|J A Z Z W O R D R E V I E W S
|Reviews that mention Matthew Sperry
Both an affirmation of the benefits of unstructured first-time improvisation and a threnody of sorts for a fallen comrade, Supermodel Supermodel succeeds on its two levels.
Recorded in early 2003, in Oakland, Calif., the 13 instant compositions mark the initial collaboration between London-based trombonist Gail Brand and a group of Bay area musicians guitarist John Shiurba, bassist Matthew Sperry, percussionist Gino Robair and laptopist Tim Perkins. Not everyone even Brand plays on every track of this 71-minute session, with three pieces recorded shortly after the initial dates in tribute to Sperry, who was killed in an auto accident in the interim.
An unshowy rhythm player, the versatile Sperry, who recorded with shakuhachi player Philip Gelb, composer/accordionist Pauline Oliveros and reedist Wolfgang Fuchs among others, adds some characteristic EuroImprov-style clinks and clanks here. But his skill lies in helping make this a CD of supremely group music,
Maneuvering his percussion collection, which includes a faux dax, horns, Styrofoam and an e-bow snare as well as drums, Robair takes a similar stance. Rattling and stroking his cymbals, resonating vibes-like tones and ratcheting, scraping and reverberating different sorts of friction from his trap set, the percussionist is part of the ever-shifting aural landscape, not an accompaniment to it. Surmounting the measured pitter-patter and bounces of Sperry and Robair, not to mention Shiurbas flanged lines and snapping strings, however, both Brands and Perkins timbres prominently protrude from the mix.
On each of the eight tracks on which he plays, the electronics manipulator outputs specially designed signals of various forms. There are wave form oscillations, curving overtones, intermittent buzzes and scratchy pulses. For her part the trombonist, who has been part of bassist Simon H. Fells quintet and recorded with guitarist Derek Bailey isnt fazed by electronics or ever-shifting rhythmic pulses. Her band Lunge usually features two players who extend their keyboard and violin textures with electronics. On the one Brand-Perkins duo here, she constructs a shuddering horizontal line on top of his triggered sound envelopes, then growls and snorts through the resonating burbles as if they are transparent.
Situations build more organically on pieces like Stephanie Stephanie and Iman Iman, inexplicably named like the other tunes for world-class fashion models. The later matches cymbal cracks, chromatic guitar licks and sliding stops from the bassist with wiggling electronic oscillations. Taking all this in stride, Brand builds a series of sensuous capillary purrs into a climax of flutter-tongued plunger tones that surmount focused guitar runs and droning electronics.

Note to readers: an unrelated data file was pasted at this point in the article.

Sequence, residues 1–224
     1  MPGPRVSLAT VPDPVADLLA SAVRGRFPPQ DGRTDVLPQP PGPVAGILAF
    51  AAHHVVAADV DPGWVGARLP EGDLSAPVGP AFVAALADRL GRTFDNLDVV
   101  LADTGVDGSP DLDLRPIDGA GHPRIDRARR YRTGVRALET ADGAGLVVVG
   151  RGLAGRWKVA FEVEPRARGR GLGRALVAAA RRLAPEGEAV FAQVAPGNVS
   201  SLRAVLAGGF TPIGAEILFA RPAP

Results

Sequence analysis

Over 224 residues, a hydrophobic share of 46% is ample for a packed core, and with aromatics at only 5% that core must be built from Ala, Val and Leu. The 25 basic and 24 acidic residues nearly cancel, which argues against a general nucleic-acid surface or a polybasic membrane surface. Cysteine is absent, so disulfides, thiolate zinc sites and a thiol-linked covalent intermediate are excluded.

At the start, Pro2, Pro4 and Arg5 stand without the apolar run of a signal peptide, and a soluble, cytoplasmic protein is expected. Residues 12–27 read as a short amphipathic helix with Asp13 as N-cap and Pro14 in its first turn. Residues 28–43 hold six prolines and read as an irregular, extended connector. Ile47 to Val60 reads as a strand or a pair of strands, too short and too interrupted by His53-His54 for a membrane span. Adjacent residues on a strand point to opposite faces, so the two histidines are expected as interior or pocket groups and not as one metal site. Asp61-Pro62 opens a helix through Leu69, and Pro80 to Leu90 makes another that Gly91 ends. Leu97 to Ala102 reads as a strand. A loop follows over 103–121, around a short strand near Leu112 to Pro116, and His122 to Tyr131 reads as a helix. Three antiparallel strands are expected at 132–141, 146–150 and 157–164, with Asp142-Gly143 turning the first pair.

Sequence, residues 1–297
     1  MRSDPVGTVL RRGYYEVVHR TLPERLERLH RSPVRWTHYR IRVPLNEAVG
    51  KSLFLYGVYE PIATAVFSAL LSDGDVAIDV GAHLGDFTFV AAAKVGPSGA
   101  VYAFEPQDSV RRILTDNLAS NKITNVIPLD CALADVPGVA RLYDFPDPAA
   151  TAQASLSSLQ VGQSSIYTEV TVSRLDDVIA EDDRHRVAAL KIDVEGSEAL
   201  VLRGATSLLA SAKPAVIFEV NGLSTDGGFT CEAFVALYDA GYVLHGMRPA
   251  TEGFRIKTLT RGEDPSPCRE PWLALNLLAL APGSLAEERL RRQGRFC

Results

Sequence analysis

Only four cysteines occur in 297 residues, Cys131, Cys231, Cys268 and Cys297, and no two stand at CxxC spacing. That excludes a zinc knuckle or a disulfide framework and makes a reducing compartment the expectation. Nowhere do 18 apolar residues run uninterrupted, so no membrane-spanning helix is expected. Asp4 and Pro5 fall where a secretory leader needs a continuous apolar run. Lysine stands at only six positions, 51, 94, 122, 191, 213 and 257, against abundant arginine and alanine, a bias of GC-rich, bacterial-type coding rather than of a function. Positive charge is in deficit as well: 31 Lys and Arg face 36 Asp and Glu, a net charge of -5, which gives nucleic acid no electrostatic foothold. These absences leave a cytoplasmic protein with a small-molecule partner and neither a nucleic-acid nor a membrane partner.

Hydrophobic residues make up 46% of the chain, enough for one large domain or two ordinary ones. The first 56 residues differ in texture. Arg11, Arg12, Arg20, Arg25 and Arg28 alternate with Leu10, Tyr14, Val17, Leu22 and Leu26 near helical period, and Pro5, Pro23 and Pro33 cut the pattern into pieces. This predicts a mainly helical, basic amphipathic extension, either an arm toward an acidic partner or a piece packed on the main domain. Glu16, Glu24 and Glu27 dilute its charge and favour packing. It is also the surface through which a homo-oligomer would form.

The former tune finds her using circular treble tones and lip-blubbering plunger digressions to dovetail with percussion slaps and the bare hint of arco bowing. Elsewhere her jocular brays and snorts mesh with rapid knob-twisting to germinate quivering parallel reverberations.
Sperrys unexpected death means that this one-off aggregation cant be reconstituted. The CD itself, however, is both an impressive memorial, as well as a bittersweet souvenir of Brands and the other players in-the-moment interactions.
-- Ken Waxman
Track Listing: 1. Naomi Naomi 2. Christy Christy 3. Christie Christie 4. Twiggy Twiggy 5. Tyra Tyra 6. Stephanie Stephanie 7. Cindy Cindy 8. Iman Iman 9. Kate Kate 10. Kathy Kathy 11. Elle Elle 12. Linda Linda 13. Claudia Claudia
Personnel: Gail Brand (trombone); John Shiurba (guitar); Matthew Sperry (bass and preparations); Gino Robair (percussion, faux dax, horns, Styrofoam, e-bow snare) and Tim Perkins (laptop)
October 10, 2006
Balance Point Acoustics BPA 008
Ratascan BRD 052
Part of the accelerating interchange between experimental musicians from Europe and the United States, multi-reedman Wolfgang Fuchs of Berlin has become a regular transatlantic commuter.
Known for his leadership of the King ÃbÃ¼ OrchestrÃ¼ and the all-reed Holz FÃ¼r Europa group, these discs find Fuchs heading even further out. Thatâs a geographic reference â for the CDs were recorded with two different sets of associates in Californiaâs Bay area during a productive visit by Fuchs in 2003.